The spell-check application of most word processing software programs would not catch a slip-up of these two words. Spell-check is looking for words that aren’t in its dictionary, and words that resemble words in its dictionary but are possibly spelled wrong. Spell-check isn’t perfect. It doesn’t know and can’t guess what word you wanted or what word you meant, it can only judge the words on the page. If you used words that are all spelled correctly, it gives you a pass anyway.
Autocorrect suggests words that start with the same letters. It’s suggesting what word you may want to save time, but quite often, its suggestions are pretty off base. They don’t help you out, but they do make you laugh.
Theorem is a noun. It’s pronounced “th-eer-em.” It means a proposition or formula based on other propositions or formulas, that needs to be proven. Theorem is related to the word theory. In logic, it means an idea that seems legitimate, but hasn’t been tested or proven for confirmation.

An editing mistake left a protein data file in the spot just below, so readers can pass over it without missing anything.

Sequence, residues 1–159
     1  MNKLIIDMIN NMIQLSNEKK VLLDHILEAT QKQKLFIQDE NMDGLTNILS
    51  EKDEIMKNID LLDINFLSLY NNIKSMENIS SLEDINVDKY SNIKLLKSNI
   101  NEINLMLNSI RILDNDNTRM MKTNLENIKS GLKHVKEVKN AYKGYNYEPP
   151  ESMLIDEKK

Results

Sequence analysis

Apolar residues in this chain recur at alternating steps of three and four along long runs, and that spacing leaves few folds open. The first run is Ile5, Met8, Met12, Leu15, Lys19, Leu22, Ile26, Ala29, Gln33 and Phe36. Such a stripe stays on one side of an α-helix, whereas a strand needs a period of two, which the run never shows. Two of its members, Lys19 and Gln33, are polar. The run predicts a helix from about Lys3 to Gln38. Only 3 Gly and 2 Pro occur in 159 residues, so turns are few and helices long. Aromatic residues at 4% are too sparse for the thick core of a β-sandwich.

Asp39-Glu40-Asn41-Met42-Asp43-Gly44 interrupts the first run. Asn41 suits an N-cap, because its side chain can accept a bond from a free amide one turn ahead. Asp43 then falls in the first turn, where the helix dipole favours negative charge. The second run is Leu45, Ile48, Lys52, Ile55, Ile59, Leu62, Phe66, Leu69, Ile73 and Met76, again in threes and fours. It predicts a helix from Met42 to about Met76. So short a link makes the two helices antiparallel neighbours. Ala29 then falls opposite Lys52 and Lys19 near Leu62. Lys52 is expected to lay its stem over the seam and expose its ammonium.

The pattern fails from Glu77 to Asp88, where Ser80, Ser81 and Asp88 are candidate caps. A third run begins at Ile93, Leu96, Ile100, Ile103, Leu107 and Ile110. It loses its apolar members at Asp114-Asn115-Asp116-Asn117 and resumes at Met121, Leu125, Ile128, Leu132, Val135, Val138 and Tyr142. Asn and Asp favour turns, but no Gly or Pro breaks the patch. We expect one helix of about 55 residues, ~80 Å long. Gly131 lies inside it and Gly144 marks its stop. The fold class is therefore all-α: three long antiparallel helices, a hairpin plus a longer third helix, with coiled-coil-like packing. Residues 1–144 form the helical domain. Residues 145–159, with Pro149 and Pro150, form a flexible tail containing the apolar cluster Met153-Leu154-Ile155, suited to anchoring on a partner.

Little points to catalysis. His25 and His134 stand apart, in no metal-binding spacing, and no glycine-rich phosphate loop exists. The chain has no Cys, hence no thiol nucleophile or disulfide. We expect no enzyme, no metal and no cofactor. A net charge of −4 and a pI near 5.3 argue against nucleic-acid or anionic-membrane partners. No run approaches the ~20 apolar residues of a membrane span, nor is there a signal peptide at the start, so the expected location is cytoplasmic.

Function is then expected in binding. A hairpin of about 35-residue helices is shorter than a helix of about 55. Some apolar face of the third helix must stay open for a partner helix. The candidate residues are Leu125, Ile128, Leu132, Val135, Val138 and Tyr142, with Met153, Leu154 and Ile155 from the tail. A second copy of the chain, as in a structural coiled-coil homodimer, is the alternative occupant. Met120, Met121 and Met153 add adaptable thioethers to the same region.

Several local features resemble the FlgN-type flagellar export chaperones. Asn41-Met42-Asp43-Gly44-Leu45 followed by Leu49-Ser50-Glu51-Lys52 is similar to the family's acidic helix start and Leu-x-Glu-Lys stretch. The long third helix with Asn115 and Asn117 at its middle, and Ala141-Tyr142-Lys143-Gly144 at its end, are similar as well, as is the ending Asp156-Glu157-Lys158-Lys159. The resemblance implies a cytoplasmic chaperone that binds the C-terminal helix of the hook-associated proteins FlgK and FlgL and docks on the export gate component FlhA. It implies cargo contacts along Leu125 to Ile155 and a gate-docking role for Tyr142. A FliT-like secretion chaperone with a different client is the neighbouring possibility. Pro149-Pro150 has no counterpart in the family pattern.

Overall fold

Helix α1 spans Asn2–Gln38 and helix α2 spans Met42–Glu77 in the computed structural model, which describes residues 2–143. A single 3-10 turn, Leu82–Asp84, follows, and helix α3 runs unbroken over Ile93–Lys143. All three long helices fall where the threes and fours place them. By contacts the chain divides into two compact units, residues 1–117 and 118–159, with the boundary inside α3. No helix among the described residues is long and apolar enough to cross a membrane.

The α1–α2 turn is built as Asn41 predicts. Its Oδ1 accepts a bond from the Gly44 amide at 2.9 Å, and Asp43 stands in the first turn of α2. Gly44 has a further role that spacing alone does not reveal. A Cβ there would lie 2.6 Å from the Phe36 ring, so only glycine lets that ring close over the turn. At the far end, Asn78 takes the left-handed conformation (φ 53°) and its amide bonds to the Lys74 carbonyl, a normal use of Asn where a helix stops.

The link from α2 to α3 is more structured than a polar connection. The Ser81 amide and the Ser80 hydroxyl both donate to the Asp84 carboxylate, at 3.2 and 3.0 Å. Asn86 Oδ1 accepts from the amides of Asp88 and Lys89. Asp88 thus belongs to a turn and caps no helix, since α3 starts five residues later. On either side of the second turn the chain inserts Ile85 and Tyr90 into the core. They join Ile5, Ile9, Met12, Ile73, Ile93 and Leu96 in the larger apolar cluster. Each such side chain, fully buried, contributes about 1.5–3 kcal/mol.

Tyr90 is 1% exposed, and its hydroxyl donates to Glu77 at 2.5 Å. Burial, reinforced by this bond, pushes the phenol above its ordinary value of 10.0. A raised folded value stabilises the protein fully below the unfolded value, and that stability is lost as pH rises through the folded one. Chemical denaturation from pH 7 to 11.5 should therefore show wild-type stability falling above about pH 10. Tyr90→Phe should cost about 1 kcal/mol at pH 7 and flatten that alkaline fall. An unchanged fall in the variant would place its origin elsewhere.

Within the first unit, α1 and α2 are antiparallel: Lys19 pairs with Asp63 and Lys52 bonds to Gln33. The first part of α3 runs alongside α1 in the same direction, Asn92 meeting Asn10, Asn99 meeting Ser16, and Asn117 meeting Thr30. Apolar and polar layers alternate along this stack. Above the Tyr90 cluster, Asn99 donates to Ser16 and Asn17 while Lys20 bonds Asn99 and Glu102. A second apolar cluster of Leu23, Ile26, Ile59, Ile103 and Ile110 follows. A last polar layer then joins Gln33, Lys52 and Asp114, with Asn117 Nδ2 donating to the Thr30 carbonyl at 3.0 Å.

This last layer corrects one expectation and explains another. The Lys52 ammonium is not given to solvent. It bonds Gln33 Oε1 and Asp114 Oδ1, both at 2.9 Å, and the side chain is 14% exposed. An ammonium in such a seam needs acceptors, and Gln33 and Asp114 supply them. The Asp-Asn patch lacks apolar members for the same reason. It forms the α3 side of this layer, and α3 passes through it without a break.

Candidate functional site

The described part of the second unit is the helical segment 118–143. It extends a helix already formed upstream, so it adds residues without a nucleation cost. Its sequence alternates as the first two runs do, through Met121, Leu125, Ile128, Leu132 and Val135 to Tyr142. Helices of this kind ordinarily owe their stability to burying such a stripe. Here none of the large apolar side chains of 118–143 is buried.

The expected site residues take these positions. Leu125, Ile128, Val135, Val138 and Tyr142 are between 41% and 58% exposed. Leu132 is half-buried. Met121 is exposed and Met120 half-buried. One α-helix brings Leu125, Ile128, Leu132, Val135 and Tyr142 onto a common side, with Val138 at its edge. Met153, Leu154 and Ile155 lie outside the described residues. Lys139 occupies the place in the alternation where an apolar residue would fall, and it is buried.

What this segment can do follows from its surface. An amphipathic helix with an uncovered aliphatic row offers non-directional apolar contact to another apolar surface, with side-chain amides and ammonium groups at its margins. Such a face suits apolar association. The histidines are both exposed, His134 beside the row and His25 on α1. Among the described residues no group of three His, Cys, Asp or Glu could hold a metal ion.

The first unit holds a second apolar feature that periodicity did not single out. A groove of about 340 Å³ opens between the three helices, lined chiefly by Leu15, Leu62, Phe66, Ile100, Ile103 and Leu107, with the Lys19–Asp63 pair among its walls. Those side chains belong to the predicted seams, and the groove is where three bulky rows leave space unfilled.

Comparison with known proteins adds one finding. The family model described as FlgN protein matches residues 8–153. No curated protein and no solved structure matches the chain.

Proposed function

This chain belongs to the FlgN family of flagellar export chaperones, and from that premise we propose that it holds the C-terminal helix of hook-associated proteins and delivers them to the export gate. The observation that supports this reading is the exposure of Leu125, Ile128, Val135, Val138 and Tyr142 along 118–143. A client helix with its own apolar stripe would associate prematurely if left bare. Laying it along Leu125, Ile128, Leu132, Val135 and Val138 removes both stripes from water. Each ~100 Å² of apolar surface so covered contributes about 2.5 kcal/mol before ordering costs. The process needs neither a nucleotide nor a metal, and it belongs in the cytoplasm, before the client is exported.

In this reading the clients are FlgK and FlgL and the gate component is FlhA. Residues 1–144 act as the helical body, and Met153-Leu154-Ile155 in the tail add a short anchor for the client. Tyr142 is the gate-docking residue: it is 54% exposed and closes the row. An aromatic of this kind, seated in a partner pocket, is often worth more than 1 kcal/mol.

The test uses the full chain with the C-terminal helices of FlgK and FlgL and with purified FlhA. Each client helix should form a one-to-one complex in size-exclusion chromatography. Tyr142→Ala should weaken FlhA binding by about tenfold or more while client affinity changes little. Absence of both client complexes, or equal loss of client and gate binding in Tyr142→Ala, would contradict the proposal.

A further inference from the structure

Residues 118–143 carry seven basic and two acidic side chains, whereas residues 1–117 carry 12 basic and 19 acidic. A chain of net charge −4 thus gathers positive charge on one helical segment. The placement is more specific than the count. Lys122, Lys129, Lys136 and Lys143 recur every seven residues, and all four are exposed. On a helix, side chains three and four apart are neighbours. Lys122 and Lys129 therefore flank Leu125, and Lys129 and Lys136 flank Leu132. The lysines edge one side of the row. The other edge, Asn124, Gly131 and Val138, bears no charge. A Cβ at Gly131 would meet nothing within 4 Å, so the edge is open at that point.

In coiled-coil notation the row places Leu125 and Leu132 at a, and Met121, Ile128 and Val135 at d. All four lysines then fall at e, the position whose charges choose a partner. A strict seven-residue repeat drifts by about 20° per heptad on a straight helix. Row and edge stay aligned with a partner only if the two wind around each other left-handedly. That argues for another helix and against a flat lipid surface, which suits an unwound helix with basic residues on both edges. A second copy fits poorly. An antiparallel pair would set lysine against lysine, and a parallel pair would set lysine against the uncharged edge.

Theremin is a noun. It’s pronounced “th-air-em-en.” It means a musical device created in 1920s by Leon Theremin. It has a large antenna-like rod pointing upward on one side, and a small hoop antenna pointing outward from the opposite side. Both antennae are mounted on a small box with dials on it.
Unlike many traditional instruments played with the mouth or touched with tactile keys or buttons, the theremin is “played” by moving one’s hands in proximity to the antenna. Here’s a video of its creator playing it.
Its sound, to me, resembles the higher notes of a violin, but with more tremolo. In US film and TV, the violin is used to lend sad, melancholy, contemplative, or sleepy mood to the story, and the theremin is used in a similar fashion. Perhaps because of its unique appearance and playing style, the theremin has been used historically in horror and sci-fi films.
Clara Rockmore, a legendary theremin performer, was recognized with a google doodle in early 2016.
The following story uses both words correctly:
Thais got into college on a theremin scholarship. Upon graduation, she taught algebra and geometry at an esteemed private school in the city. Her students appreciated the way she made numbers and theorems engaging and fun. She was credited with inspiring more young women to pursue STEM careers.